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Helminth infection during pregnancy: insights from evolutionary ecology

Authors Blackwell AD

Received 19 August 2016

Accepted for publication 28 October 2016

Published 11 November 2016 Volume 2016:8 Pages 651—661


Checked for plagiarism Yes

Review by Single anonymous peer review

Peer reviewer comments 2

Editor who approved publication: Professor Elie Al-Chaer

Aaron D Blackwell

Department of Anthropology, University of California, Santa Barbara, Santa Barbara, CA, USA

Abstract: Helminths are parasitic nematodes and trematodes, grouped together because of morphological similarities and commonalities in the effects infections have on hosts. These include complications such as anemia and biasing of immune responses, which can alter susceptibility for other diseases. For pregnant women, these complications might have implications for pregnancy outcomes or neonatal health. Here, I review studies of helminth infections during pregnancy, and ask the following questions: Do helminths affect maternal health or pregnancy outcomes? Are there consequences of maternal infection for infants? What are the effects of antihelminth treatment during pregnancy? The evidence suggests that the answers to these questions depend on the particular helminth species in question, maternal nutritional status, and the presence or absence of comorbid infection with other species, such as malaria. Moreover, there may also be unexpected consequences of treatment, as maternal infections can affect the priming of infant immune systems, with potential effects on infants later in life. These complex interactions suggest that a consideration of the evolutionary history of human–helminth interactions, as well as the ecological context of infections, can help to clarify an understanding of these host–parasite interactions and provide direction for future investigations.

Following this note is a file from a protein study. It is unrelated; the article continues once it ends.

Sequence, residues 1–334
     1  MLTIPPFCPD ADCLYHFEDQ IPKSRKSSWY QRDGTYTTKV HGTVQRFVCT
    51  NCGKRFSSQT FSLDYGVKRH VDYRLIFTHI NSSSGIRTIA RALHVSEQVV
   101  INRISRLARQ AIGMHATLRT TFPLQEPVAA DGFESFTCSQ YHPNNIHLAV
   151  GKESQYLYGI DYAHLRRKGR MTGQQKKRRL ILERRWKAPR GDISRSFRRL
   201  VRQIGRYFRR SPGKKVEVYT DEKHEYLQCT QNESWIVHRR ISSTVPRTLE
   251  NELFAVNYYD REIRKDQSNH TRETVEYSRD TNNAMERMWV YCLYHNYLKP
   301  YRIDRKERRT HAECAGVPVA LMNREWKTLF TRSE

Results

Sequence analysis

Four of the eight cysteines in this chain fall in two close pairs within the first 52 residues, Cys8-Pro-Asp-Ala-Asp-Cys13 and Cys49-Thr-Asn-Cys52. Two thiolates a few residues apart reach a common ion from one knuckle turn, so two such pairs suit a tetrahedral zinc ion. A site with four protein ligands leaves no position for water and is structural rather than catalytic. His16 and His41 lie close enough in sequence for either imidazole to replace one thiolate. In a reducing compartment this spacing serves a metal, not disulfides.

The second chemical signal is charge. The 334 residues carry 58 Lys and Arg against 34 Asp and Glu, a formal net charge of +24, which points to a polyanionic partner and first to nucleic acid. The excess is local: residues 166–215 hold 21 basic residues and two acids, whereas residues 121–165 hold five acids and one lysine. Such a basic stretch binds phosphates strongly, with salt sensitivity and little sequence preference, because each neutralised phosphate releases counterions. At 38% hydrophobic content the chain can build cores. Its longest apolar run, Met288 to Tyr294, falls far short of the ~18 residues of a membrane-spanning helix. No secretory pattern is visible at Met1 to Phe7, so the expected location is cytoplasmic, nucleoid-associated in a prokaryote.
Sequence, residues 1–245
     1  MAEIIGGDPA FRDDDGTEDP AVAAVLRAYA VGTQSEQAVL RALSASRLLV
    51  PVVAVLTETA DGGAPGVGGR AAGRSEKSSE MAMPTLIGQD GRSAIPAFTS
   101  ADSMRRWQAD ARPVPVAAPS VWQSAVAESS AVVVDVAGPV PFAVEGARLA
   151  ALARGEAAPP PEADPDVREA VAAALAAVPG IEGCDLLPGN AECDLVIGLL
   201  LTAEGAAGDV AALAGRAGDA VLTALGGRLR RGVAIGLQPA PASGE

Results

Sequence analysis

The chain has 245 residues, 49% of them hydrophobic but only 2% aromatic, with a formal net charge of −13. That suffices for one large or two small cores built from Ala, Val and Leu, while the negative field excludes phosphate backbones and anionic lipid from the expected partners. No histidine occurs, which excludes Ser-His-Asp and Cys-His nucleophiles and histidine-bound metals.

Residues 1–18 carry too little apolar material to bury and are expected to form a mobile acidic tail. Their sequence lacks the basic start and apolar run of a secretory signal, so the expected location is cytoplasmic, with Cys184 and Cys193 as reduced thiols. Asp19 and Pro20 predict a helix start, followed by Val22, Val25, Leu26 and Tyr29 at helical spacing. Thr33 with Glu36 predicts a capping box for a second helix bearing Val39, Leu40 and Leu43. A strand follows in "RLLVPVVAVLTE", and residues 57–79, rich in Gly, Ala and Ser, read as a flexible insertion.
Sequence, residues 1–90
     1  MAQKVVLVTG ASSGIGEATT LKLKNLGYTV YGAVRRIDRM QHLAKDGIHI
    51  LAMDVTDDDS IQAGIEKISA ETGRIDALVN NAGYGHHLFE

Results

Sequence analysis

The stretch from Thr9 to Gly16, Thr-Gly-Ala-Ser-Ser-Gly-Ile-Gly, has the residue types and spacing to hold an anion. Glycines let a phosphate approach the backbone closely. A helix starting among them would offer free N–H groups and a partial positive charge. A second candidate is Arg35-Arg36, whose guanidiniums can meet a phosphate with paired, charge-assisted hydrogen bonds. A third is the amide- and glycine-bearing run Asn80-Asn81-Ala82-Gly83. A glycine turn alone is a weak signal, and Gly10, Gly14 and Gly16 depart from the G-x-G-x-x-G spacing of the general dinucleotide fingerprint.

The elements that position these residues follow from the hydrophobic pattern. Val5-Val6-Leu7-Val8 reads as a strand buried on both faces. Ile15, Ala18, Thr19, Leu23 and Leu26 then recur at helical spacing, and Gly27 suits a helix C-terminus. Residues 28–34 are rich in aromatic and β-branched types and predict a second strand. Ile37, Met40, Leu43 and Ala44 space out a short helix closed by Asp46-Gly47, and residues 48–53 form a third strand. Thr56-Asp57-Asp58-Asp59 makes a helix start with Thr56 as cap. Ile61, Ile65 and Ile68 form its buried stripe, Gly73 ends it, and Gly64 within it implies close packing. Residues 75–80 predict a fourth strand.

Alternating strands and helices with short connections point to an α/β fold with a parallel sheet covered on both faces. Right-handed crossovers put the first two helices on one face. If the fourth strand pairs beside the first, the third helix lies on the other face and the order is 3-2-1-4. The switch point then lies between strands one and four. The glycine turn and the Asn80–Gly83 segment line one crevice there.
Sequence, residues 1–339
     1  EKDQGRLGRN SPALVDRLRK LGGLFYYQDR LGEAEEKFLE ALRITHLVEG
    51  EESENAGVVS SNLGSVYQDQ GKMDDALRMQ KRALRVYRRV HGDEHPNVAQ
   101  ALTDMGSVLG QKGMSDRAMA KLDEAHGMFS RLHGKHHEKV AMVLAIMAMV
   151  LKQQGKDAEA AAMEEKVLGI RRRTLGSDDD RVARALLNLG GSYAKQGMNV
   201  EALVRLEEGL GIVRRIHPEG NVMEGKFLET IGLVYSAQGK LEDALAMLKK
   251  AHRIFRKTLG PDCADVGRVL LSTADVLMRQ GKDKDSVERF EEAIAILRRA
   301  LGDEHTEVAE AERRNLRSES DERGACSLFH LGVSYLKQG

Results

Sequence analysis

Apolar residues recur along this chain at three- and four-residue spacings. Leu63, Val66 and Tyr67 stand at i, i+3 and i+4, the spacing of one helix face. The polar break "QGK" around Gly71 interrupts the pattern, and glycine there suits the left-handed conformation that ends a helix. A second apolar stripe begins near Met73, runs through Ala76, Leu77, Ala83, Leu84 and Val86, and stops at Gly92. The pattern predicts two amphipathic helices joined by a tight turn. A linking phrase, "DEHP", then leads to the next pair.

Keywords: review, helminths, pregnancy, filariasis, schistosomiasis

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